Hours before the government was set to vote to delay the passing of the state budget in order to avoid another election, Israel's two biggest parties appeared to be at a stalemate yet again Monday, with a last-minute disagreement over public sector appointments.
Likud and Blue & White earlier on Monday agreed to pass a bill tabled by Derekh Eretz MK Zvi Hauser, which proposes postponing the passing of the budget by 120 days, avoiding the automatic dissolvement of the government. If the state budget or the compromise bill is not passed by midnight, snap elections are automatically triggered.
With hours before the crucial vote, however, Likud officials went on the offensive, accusing Blue & White of deviating from its promise that no appointments for top position in the public sector would be made until December 23, when the 120-day budget delay expires.
"Blue & White are running away from Hauser's compromise, which they themselves agreed to," said a senior Likud member on Monday. "Thus, they are dragging the country into another election by piling on more complications in the last minute."
The official added that Blue & White are also demanding to pass a biennial budget once the delay expires even though the Hauser bill does not specify the nature of the budget set to be passed in December.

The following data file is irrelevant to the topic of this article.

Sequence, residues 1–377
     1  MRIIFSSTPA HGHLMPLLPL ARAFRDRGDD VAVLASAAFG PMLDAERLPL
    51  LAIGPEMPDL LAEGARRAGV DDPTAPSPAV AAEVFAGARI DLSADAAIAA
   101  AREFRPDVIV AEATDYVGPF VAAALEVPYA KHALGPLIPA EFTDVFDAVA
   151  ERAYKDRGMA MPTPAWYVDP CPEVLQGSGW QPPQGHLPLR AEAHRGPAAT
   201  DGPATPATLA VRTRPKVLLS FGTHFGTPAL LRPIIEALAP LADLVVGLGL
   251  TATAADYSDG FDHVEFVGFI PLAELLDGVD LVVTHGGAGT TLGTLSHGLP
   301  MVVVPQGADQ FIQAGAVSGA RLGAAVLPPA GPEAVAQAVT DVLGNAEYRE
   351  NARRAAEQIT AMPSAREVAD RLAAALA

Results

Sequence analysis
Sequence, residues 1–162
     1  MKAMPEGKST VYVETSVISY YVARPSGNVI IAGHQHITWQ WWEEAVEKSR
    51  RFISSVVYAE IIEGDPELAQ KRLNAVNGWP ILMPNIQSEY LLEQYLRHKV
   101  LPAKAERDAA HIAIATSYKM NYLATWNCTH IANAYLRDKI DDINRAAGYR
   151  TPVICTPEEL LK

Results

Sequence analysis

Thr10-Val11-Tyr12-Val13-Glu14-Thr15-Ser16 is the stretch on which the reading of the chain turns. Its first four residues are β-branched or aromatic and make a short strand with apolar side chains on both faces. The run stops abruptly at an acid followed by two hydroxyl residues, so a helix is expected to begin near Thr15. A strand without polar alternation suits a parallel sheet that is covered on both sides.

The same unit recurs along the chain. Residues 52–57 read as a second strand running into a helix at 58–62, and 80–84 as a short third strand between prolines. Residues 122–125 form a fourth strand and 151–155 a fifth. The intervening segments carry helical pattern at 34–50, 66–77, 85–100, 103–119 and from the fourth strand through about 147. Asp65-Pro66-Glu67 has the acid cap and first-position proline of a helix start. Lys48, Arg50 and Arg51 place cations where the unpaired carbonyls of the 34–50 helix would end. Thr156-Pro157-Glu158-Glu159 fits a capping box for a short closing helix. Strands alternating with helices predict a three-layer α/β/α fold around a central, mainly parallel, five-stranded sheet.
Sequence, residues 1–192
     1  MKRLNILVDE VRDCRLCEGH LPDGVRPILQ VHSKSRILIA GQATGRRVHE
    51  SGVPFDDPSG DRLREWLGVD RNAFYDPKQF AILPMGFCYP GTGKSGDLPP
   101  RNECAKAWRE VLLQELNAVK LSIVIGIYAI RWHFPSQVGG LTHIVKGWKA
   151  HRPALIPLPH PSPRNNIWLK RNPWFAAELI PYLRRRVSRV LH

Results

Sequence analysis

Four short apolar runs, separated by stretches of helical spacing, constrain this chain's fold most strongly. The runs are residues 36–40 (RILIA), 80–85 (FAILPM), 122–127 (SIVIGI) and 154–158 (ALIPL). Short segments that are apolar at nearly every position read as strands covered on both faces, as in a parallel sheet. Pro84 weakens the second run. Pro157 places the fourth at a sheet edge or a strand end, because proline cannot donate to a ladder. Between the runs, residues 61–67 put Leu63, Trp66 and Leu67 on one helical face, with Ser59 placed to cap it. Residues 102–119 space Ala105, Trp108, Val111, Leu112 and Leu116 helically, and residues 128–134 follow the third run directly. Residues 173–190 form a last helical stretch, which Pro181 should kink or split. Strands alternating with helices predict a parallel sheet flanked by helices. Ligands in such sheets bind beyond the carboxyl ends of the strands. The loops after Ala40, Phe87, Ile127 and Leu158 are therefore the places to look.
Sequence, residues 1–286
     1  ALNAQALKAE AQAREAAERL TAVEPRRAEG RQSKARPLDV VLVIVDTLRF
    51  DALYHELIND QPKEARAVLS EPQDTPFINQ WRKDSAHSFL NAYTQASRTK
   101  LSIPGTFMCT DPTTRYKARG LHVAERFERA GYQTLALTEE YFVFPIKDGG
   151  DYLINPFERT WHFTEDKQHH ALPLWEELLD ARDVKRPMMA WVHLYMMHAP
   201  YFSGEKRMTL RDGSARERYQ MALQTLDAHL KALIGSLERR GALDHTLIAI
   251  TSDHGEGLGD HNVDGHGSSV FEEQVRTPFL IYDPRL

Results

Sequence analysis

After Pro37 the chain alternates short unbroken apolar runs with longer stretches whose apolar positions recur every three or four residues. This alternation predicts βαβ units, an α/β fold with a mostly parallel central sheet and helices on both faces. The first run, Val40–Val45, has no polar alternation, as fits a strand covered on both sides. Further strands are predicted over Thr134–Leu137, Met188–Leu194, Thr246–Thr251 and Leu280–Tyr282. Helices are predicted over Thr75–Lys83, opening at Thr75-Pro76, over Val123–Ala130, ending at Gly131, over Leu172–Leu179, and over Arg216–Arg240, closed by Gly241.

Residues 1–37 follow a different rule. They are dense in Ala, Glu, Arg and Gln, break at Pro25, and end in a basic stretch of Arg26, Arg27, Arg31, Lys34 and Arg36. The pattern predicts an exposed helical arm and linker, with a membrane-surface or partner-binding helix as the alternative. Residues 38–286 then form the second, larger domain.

"Netanyahu has only a few hours left to fulfill the promise he made to the nation on Sunday night, in which he vowed to prevent another election in Israel," said the Blue & White in a statement. "He has a few hours left to show whether he will keep his promise to the public to head a unity government, which will effectively deal with the coronavirus and security, or choose to upset the apple cart in favor of his personal and legal considerations."
According to Blue & White, Netanyahu is attempting to control the appointment of the state attorney and attorney general in order to influence the outcome of his criminal trial. The prime minister is on trial for bribery, fraud, and breach of trust. He denies any wrongdoing.
In his press conference on Sunday, Netanyahu said he had decided to support the compromise bill "out of a sense of national responsibility," calling for unity among coalition members and cooperation in the service of the nation.
Opposition leader Yair Lapid (Yesh Atid) slammed the decision claiming the country would still have no budget and the threat of elections would resume after the agreed-on extension.
"This is your compromise?" Lapid asked, "to continue Netanyahu's total failure? While schools remain without funding, business owners without assistance and rampant unemployment?"